A bust at the National Museum, Warsaw
Ancient bust of Seneca, part of the Double Herm of Socrates and Seneca
Marble portrait of Caligula from the Metropolitan Museum of Art
Modern statue of Seneca in Córdoba
During the reign of Caligula, coins like the one pictured here were issued depicting his three sisters, Drusilla, Livilla, and Agrippina the Younger.
Germanicus, the father of Caligula
Nero and Seneca, by Eduardo Barrón (1904). Museo del Prado
Messalina holding her son Britannicus (Louvre)
Portrait of Agrippina the Elder, Caligula's mother
Manuel Domínguez Sánchez, The suicide of Seneca (1871), Museo del Prado
Coins of Agrippina and Claudius as the de facto co-rulers of the empire
Caligula Depositing the Ashes of his Mother and Brother in the Tomb of his Ancestors, by Eustache Le Sueur, 1647
Lodovico Lana, Death of Seneca, National Gallery of Art
Marble bust of Nero. Antiquarium of the Palatine.
A denarius of Gaius Caligula. Caption: C. CAESAR AVG. GERM. P. M. TR. POT.
First page of the Naturales Quaestiones, made for the Catalan-Aragonese court
Sculpture of Agrippina crowning her young son Nero (c. AD 54 –59)
The Vatican Obelisk was first brought from Egypt to Rome by Caligula. It was the centerpiece of a large racetrack he built.
Woodcut illustration of the suicide of Seneca and the attempted suicide of his wife Pompeia Paulina
Gustav Wertheimer: The Shipwreck of Agrippina (1874)
The hull of one of two ships recovered from Lake Nemi during the 1930s. This massive vessel served as an elaborate floating palace for the Emperor.
Naturales quaestiones, 1522
Map of the Roman Empire and neighboring states during the reign of Gaius Caligula (37–41 AD).
Plato, Seneca, and Aristotle in a medieval manuscript illustration (c. 1325–35)
Ruins of the Temple of Castor and Pollux in the Forum Romanum. Ancient resources as well as recent archaeological evidence suggest that, at one point, Caligula had the palace extended to annex this structure.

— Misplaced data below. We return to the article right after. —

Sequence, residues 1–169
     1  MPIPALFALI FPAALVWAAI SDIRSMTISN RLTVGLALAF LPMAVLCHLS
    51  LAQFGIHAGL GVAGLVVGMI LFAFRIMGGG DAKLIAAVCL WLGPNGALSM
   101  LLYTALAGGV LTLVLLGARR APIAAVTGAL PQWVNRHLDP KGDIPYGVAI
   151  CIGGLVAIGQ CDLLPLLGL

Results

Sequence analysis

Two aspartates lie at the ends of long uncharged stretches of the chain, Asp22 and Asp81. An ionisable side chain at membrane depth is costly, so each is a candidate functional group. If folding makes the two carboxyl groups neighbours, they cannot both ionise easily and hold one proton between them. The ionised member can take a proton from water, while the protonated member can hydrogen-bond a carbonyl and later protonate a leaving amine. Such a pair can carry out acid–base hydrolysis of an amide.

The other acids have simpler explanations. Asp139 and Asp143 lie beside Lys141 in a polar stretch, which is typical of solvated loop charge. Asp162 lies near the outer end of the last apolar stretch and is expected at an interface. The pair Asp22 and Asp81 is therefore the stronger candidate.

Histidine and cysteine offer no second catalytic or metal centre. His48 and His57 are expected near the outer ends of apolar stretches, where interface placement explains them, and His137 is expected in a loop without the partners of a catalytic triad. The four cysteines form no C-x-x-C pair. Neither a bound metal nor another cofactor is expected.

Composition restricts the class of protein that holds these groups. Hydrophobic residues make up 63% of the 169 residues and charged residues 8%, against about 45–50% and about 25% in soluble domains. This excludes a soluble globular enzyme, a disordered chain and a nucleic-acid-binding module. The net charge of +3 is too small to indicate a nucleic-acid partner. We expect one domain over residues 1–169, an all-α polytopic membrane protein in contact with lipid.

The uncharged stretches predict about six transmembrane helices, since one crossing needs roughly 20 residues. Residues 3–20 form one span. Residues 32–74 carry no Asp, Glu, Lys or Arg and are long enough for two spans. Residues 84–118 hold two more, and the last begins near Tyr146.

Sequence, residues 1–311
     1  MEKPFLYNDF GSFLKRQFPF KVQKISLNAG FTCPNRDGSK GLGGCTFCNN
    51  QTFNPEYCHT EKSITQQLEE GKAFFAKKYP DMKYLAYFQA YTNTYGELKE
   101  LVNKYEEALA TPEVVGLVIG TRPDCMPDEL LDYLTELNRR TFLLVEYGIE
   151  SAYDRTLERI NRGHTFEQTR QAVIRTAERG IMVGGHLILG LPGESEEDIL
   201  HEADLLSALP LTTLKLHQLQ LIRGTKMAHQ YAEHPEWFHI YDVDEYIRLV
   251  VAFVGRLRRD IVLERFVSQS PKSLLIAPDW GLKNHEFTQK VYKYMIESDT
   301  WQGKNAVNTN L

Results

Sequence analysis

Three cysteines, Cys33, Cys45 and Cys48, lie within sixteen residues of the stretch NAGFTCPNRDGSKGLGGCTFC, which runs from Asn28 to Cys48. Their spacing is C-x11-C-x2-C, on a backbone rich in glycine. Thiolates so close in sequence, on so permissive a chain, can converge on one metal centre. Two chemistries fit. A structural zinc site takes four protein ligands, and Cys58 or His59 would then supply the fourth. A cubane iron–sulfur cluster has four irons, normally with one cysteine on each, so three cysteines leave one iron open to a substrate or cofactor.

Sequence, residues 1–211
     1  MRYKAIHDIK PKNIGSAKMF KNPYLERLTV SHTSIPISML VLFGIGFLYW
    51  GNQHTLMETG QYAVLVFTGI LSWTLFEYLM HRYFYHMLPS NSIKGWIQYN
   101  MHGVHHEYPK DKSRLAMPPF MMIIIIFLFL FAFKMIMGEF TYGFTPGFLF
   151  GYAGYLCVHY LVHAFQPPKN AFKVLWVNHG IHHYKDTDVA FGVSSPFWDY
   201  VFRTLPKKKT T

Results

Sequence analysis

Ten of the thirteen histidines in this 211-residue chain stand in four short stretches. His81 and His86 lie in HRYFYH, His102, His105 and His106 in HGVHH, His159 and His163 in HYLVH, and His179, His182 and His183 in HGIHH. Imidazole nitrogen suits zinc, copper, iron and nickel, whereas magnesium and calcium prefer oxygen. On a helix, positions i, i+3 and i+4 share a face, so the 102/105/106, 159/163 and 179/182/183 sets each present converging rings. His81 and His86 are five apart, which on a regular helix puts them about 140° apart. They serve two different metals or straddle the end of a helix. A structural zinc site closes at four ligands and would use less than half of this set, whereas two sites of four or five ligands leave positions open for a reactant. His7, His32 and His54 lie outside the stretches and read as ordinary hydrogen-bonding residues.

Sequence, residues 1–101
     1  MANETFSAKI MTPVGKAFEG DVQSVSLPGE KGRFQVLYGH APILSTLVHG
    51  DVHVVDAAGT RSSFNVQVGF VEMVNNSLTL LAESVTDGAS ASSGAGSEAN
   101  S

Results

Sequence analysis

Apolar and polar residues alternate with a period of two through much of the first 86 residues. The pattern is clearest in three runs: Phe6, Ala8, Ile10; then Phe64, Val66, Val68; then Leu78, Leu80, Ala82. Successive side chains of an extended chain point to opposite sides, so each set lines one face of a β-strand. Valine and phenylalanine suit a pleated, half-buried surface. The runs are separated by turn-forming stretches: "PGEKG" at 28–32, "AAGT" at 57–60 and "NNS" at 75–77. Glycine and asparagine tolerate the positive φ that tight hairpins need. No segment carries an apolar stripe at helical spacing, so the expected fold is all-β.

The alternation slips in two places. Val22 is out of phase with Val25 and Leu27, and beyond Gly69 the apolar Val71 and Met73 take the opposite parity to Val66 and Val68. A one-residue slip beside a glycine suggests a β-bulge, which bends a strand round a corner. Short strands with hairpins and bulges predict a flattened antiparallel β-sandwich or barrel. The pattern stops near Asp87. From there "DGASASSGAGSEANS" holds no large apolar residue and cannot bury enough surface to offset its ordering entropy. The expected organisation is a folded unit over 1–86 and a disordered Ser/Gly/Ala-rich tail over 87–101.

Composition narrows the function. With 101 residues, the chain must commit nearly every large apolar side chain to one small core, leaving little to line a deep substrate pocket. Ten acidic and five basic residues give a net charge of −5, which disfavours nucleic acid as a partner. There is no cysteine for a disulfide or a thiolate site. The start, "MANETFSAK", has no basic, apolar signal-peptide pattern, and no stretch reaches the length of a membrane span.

The "Pseudo-Seneca", a Roman bust found at Herculaneum, one of a series of similar sculptures known since the Renaissance, once identified as Seneca. Now commonly identified as Hesiod
Caligula and Roma Cameo depicting Caligula and Roma, a personification of Rome
"Seneca", ancient hero of the modern Córdoba; this architectural roundel in Seville is based on the "Pseudo-Seneca" (illustration above)
Roman sestertius depicting Caligula, c. AD 38. The reverse shows Caligula's three sisters, Agrippina, Drusilla and Julia Livilla, with whom Caligula was rumoured to have carried on incestuous relationships. Caption: C. CAESAR AVG. GERMANICVS PON. M. TR. POT. / AGRIPPINA DRVSILLA IVLIA S. C.
Baroque marble imaginary portrait bust of Seneca, by an anonymous sculptor of the 17th century. Museo del Prado
Bust of Caligula from Palazzo Massimo in Rome
Fanciful Renaissance depiction of Caligula
Marble bust of Caligula with traces of original paint beside a plaster replica trying to recreate the polychrome traditions of ancient sculpture.
Quadrans celebrating the abolition of a tax in AD 38 by Caligula.<ref>{{cite journal|last1=Woods|first1=David|title=Caligula's Quadrans|journal=The Numismatic Chronicle|issn=0078-2696|year=2010|volume=170|pages=99–103|jstor=42678887}}</ref> The obverse of the coin contains a picture of a Pileus which symbolizes the liberation of the people from the tax burden. Caption: C. CAESAR DIVI AVG. PRON[EPOS] (great-grandson of) AVG. / PON. M., TR. P. III, P. P., COS. DES. RCC. (probably Res Civium Conservatae, i.e. the interests of citizens have been preserved)
Roman gold coins excavated in Pudukottai, India, examples of Indo-Roman trade during the period. One coin of Caligula (AD 37–41), and two coins of Nero (AD 54–68). British Museum. Caption: C. CAESAR AVG. PON. M., TR. POT. III, COS. III. - NERO CAESAR. AVG. IMP. - NERO CAESAR AVG. IMP.
Bust of Caligula from the Metropolitan Museum of Art, New York City
The Assassination of the Emperor Caligula, by Lazzaro Baldi

Agrippina's brother Caligula became emperor in 37 AD. After Caligula was assassinated in 41 AD, Germanicus' brother Claudius took the throne.

- Agrippina the Younger

Gaius had two older brothers, Nero and Drusus, and three younger sisters, Agrippina the Younger, Julia Drusilla and Julia Livilla.

- Caligula

Cassius Dio relates a story that Caligula was so offended by Seneca's oratorical success in the Senate that he ordered him to commit suicide.

- Seneca the Younger

In 41 AD, Claudius became emperor, and Seneca was accused by the new empress Messalina of adultery with Julia Livilla, sister to Caligula and Agrippina.

- Seneca the Younger

Among the victims of Messalina's intrigues were Agrippina's surviving sister Livilla, who was charged with having adultery with Seneca the Younger.

- Agrippina the Younger

A brief famine of unknown extent occurred, perhaps caused by this financial crisis, but Suetonius claims it resulted from Caligula's seizure of public carriages; according to Seneca, grain imports were disrupted because Caligula re-purposed grain boats for a pontoon bridge.

- Caligula
A bust at the National Museum, Warsaw